Category Archives: Novel

Divisio Operis et Paratexte dans la tradition manuscrite du roman médiévale

“Genere Mondo”: the Novel as a Collaborative, Cumulative, potentially Exhaustive Literary Genre

Despite all odds, the ‘digital menace’ resolved into a ‘digital opportunity’ favoring the diffusion of literature. According with wiser predictions (Carrière – Eco 2009), the rise of new media paradoxically fostered the popularity of the the book as a medium, of literature as a crucial communication system, and even more slightly the predominance of the novel as a genre. Calvino (1988) was right indeed when predicting that he trusted in literature and its ability to last through the current millennium, because its specific bag of tools make it possible to do things which are otherwise undoable.

Far from having been threatened, not to mention killed, by web culture and new media, literature seems to be in pretty good shape. Actually, literature played an essential part in the development of groundbreaking commercial web based services such as Amazon,  which was originally introduced as a telematic bookshop. Moreover, very crowded second generation web-based communities, such as aNobii, LibraryThing, or Goodreads, are actually based on literature as the main interest shared by thousand of enthusiastic readers from everywhere in the world.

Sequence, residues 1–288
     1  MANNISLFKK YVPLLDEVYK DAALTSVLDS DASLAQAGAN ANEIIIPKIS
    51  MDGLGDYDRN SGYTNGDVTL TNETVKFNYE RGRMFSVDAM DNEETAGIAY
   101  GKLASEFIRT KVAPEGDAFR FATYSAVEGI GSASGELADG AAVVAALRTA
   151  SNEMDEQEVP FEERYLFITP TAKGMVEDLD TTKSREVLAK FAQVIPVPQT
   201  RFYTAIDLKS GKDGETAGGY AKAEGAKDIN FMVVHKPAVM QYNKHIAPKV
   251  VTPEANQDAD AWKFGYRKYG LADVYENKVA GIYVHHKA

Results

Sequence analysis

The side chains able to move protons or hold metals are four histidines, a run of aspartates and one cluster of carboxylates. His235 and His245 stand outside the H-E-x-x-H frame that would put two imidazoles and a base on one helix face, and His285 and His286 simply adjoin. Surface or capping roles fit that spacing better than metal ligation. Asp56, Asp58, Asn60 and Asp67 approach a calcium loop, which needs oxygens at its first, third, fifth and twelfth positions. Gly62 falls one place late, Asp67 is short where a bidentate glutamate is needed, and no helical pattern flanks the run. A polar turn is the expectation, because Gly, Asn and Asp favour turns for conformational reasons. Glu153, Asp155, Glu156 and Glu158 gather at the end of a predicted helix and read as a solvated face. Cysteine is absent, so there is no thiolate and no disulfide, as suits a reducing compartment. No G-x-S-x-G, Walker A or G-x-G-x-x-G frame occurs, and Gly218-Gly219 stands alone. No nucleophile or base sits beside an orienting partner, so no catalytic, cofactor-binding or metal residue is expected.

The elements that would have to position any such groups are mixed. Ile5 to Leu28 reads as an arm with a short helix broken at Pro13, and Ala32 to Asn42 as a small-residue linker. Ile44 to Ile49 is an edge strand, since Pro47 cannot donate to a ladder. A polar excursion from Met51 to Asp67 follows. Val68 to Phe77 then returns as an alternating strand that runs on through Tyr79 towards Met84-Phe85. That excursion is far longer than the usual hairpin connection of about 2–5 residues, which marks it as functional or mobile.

Interestingly, literary systems emerging from digital shelves of socially networked bookworms look like Taleb’s ‘Estremistan’, that is as a winner-takes-(almost)-all cultural environment (Taleb 2007: 30) in which the novel definitely plays an hegemonic role (Fuksas 2008). So, the rise of digital media did not impacted dramatically neither the popularity of literature, nor the predominance of the novel, that is emerging more and more as a global standard for storytelling.

Deep in the middle of the so-called digital era visitors of bookshops such as Barnes and Noble in DC, FNAC in Paris or Feltrinelli in Rome still find themselves surrounded by novels and they keep buying them. Many of them purchase or illegally download thousand of epub and mobi novels which they collect in their ipad and kindle tablets. Matter-of-factly, the novel is playing a dramatic role in the survival of literature across the digital age, as it did through the modern era, characterized by the rise of powerful media such as radio, cinema and television.

The present investigation aims at suggesting that the novel is so powerful and sticky because it is a “Genere Mondo” implying a collaborative interaction between all the literary products which belong to the genre. The very concept of Genere Mondo paraphrases Franco Moretti’s idea of “Opera Mondo”, applying to modern epic literary works which aim at incorporating the entire world into their textual format. An Opera Mondo aims at digesting and outclassing previous literary tradition rather than complementi it, that is at trespassing the boundaries of a specific genre, or the very notion of genre itself, rather than implementing it.